“That’s not science. It doesn’t fix anything. You know, some day in the future they’ll come up with all sorts of medicines and treatments that will—”
“You think too much.” He stacks his armor in a neat pile.
“And you don’t think enough. You are so, so…”
I’m about to say “medieval” when Christopher says, “So concerned about getting through every day alive.” He holds up the dented piece of armor to punctuate his point, then throws it clattering to the ground.
One of the most fun things about writing a time travel is tossing in modern stuff and contemporary comments into the mix. Like when Michelle, after watching “Back to the Future” in her own time, goes to Christopher’s time with a book outlining all the battle outcomes of the 1400s. She tells him:
“This book holds all this information about what will happen. In the wrong hands, it could be disastrous. At least according to Hollywood.”
And Christopher responds, “I do not know of this Hollywood person…”
And what does happen with this book? If Christopher uses it, people will live who shouldn’t have, and others will die who shouldn’t have. Quite a mess. Then there’s a scene when Christopher is unconscious from a battle wound, and Michelle tries to save his life with one of those impossibly tiny first aid kits people keep in their purses:
“Okay, modern science to the rescue.” I open the kit and inside are three Band-Aids, a Midol pill, a small foil tube of antibacterial cream and one alcohol wipe. That’s it. I sink onto the chair.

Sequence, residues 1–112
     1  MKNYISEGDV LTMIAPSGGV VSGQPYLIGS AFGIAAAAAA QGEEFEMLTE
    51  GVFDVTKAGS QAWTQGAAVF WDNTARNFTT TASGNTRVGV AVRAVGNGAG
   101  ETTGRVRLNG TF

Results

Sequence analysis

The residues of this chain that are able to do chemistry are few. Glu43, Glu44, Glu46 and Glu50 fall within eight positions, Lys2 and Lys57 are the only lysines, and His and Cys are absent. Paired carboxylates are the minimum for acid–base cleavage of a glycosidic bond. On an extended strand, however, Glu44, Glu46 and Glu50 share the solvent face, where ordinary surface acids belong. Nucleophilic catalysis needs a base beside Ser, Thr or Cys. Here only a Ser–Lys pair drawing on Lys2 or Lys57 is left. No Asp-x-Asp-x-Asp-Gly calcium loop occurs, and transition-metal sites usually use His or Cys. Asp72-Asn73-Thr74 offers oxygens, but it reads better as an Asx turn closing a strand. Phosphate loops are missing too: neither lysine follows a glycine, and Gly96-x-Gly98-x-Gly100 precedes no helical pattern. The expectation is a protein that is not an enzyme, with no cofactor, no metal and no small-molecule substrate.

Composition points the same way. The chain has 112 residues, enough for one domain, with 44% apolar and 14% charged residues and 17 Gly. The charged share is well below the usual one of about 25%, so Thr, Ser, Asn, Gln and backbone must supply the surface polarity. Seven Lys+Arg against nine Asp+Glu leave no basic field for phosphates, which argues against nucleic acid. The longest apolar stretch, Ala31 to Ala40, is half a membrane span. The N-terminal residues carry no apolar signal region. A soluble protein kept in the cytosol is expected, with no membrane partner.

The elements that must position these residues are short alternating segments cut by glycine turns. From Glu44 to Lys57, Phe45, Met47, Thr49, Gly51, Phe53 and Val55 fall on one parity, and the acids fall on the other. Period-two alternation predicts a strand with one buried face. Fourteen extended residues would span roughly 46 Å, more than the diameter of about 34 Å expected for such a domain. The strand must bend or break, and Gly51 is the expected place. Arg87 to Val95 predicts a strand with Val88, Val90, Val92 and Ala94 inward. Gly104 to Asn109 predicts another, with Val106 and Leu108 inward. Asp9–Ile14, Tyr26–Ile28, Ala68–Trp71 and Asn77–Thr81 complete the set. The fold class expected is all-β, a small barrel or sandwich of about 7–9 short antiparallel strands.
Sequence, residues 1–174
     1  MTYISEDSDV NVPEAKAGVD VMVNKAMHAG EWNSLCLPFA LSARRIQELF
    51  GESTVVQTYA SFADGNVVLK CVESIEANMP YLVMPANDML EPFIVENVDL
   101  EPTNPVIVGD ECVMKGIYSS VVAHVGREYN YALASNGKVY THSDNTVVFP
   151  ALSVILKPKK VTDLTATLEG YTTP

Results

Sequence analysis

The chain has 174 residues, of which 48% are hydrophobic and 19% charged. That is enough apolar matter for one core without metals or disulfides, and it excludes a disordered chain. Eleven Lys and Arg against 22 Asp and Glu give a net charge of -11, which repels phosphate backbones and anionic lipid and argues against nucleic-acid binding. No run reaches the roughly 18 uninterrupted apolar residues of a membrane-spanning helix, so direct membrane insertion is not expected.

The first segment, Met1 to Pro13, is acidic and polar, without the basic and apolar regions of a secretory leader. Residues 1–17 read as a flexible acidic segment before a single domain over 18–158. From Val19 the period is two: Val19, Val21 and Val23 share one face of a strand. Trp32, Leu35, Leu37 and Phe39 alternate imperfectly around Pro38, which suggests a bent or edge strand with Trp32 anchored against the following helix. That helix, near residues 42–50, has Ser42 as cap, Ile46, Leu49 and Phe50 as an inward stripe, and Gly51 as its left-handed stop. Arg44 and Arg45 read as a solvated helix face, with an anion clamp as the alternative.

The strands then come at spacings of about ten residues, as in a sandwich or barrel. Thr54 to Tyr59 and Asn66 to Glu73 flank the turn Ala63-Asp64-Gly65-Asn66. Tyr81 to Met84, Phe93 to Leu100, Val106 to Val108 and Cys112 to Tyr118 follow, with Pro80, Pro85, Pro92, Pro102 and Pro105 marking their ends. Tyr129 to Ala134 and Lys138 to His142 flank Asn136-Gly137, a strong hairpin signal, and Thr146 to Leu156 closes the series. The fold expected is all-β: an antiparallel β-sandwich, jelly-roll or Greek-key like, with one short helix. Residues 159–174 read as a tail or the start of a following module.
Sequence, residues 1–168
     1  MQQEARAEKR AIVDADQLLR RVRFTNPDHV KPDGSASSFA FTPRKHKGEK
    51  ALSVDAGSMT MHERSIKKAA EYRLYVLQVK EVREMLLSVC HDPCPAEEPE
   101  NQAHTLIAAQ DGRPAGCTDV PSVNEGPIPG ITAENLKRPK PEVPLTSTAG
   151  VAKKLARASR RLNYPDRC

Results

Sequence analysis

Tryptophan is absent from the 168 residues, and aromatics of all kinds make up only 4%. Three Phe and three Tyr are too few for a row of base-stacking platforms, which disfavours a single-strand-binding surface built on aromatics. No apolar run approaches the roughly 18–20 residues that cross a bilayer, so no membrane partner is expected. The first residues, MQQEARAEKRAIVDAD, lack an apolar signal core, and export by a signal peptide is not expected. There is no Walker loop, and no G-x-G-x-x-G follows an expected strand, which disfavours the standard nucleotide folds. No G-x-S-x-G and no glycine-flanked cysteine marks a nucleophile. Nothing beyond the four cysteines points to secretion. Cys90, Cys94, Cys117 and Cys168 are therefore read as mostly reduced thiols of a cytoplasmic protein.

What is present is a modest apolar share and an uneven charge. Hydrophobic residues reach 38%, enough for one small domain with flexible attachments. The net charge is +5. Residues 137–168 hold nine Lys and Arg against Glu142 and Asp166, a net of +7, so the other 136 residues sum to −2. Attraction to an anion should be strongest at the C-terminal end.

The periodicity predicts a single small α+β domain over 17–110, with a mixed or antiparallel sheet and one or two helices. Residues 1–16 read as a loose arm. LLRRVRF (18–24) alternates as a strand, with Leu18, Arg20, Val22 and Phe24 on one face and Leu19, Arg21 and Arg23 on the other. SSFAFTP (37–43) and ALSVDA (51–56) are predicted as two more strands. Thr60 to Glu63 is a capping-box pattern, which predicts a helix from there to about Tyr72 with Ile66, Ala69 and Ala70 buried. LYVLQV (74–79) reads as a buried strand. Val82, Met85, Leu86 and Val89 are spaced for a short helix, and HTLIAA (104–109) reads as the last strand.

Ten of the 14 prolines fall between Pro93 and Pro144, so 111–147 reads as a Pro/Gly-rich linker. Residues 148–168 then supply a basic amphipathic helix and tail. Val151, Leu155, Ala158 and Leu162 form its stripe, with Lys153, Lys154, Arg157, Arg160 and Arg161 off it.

Throughout the novel, the couple faces a ton of challenges as they fall in love. How can they have any sort of life together when every time Michelle sees him, she’s changing destiny in dangerous way? Plus Christopher is “no prince.” His life is intertwined with treachery and murder. And adding to their couple issues is this biggie: every time they kiss, she’s thrown back into her own time.
Can love overcome all of these problems? Should it? Drawn is my way of exploring these questions…and of getting completely lost in past.
Teen artist Michelle De Freccio moves to England in search of a normal life...instead she finds a hot medieval ghost with a sketchy past.
It all begins when a strange guy appears in Michelle's drawings. When she actually meets him at the town’s castle, she's unmistakably drawn to him. But something is definitely not right. For starters, he wears medieval garb, talks of ancient murders and tends to disappear each time they kiss.
Could he possibly be a ghost? Could Michelle be losing her mind? Or has she simply uncovered a love so timeless it’s spanned the centuries…
Praise for Drawn:
“A lushly romantic ghost story…captivating and haunting. I didn’t want it to end.” –Cyn Balog, author of paranormal YA novels Fairy Tale, Sleepless, and Starstruck
"...a wonderfully spooky tale of romance and discovery. It’s a magical exploration of the unconquerable power of love. Highly recommended!” —Jonathan Maberry, New York Times bestselling author of Rot & Ruin and Dust & Decay
“In DRAWN, Marie Lamba deftly entwines romance and mystery, past and present, into a page-turning adventure. Buy it today and I promise you’ll be finished reading far too quickly!” —Joy Nash, USA Today bestselling paranormal romance author of The Immortals series, The Grail King and The Unforgiven.